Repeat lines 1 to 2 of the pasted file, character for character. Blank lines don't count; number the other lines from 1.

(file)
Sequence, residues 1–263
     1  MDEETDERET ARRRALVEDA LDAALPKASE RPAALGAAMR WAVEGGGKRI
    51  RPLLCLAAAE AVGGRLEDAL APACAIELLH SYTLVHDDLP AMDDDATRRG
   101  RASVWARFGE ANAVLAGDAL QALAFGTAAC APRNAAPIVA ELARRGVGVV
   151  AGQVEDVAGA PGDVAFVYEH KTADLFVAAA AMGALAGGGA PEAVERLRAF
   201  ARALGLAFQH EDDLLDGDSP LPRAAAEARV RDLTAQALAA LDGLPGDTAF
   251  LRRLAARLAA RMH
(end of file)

Sequence, residues 1–263
     1  MDEETDERET ARRRALVEDA LDAALPKASE RPAALGAAMR WAVEGGGKRI